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complete, dates from the day when the papers are deposited in the Patent Office, or, if correctly addressed and officially posted to it, from the hour when such papers should in the ordinary course of post have been delivered, even though, through some accident, the parcel be delayed or lost in transmission.

Provisional protection lasts six months (or seven months with an extra payment of £2 nos.), during which period the inventor can freely work and sell his invention, but he cannot sue infringers until his patent be sealed, when he can obtain damages for all infringements made after the acceptance of his complete specification. The industrial use or sale of a patented machine after completion of the patent, though the machine was made before the acceptance of the complete specification, is an infringement of the patent. A patent for the invention applied for and completed by another party during the provisional protection does not prejudice the patent afterwards obtained on such provisional protection.


Each application, as soon as practicable after deposit, is referred to an examiner, who ascertains and reports to the Comptroller, (1st) whether the nature of the invention has been, in his opinion, fairly described ; (2nd) whether the application, specification, and drawings, if any, have been prepared in the prescribed manner; and (3rd) whether the title sufficiently indicates the subject matter of the invention. As, too, the Comptroller has power to refuse patents contrary to law and order, and only one invention can by law be patented under one application, it is the examiner's duty to report on these particulars. If the examiner reports against the application on any of these enumerated points, the Comptroller may


require the application, specification, or drawings to be amended before he proceeds with the application, and, if the case be very imperfect or informal, has power to only grant protection from the date when the required corrections have been made. The Comptroller does not, however, exert this power except in extreme cases.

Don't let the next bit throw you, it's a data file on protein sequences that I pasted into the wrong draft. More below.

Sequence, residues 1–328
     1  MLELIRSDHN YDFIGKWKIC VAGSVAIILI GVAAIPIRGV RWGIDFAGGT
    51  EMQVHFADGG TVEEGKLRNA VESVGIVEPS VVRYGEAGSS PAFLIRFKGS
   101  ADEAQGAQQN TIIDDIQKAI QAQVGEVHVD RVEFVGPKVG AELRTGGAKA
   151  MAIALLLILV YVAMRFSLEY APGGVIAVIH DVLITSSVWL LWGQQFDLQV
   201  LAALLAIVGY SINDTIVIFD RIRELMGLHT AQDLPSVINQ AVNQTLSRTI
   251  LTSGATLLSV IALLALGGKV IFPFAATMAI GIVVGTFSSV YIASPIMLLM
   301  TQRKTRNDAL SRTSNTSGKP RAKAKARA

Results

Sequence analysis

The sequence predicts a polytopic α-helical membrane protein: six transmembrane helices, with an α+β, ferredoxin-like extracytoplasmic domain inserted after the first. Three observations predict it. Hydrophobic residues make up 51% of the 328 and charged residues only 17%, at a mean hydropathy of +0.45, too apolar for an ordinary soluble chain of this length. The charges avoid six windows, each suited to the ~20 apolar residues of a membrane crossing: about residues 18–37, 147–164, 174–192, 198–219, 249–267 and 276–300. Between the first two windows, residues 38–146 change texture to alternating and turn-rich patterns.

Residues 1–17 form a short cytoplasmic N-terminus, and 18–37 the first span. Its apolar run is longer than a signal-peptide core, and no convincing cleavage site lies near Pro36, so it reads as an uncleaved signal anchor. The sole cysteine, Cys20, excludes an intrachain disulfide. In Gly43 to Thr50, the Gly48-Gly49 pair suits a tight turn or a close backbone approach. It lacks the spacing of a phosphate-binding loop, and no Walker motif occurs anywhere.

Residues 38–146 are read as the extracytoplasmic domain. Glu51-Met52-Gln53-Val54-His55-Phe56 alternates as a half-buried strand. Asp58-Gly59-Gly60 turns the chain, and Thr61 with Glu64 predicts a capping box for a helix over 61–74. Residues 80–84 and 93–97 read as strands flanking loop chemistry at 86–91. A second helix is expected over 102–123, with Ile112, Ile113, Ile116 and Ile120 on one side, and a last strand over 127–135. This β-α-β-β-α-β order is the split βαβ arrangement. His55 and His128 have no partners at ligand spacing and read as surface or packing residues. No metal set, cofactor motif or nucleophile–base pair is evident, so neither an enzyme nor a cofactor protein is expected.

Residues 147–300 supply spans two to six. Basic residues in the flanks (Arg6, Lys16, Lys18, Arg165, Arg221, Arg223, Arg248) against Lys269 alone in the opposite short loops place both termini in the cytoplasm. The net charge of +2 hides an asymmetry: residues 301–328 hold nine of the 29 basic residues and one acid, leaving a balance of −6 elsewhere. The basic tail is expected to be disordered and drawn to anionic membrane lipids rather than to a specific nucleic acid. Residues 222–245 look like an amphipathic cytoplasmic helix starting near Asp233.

This power of ordering amendment is open to serious abuse. There have been cases, even where alterations made at the instance of the examiners have increased the scope of the original invention to the detriment of subsequent applicants. These alterations are kept secret, and only the specification as actually amended is published. The law wants a radical alteration here, as in our experience it opens a door for fraud, which has in the past been very frequently taken advantage of by unscrupulous patentees. All that men do is done by the present examiners to prevent abuse, but the only safe rule (in force already in nearly all other countries) is that a document once filed can never be altered, but that its contents can be qualified by a second document, dated as of the day it is filed stating the amendments demanded or made.

Where, indeed, amendments or disclaimers are made after the sealing of the patent, this rule is usually carried out in England.

The applicant may appeal against the Comptroller's decision to the Law officers of the Crown.

If an appeal be made, the Attorney or SolicitorGeneral hears the applicant or bis agent and the Comptroller, and decides whether the application shall be allowed, and upon what terms.

If the application be considered in order, it is allowed to date from the day of application (except in the cases above mentioned and somewhat similar ones hereafter mentioned in connection with the

second examination), the applicant is notified, and the provisional specification is kept secret till the acceptance of the complete specification. If a complete specification be filed at the outset, instead of a provisional one, the specification and drawings are immediately published on their acceptance; but the printed copies cannot usually be obtained till a month later.

The provisional application being allowed, the next step in obtaining a patent consists in depositing within six months of the date of application for provisional protection (or seven months with a fine of £2 10s.).